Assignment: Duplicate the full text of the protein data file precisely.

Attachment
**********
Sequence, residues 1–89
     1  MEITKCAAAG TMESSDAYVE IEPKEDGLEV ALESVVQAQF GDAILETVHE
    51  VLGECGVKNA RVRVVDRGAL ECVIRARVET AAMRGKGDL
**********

Sequence, residues 1–89
     1  MEITKCAAAG TMESSDAYVE IEPKEDGLEV ALESVVQAQF GDAILETVHE
    51  VLGECGVKNA RVRVVDRGAL ECVIRARVET AAMRGKGDL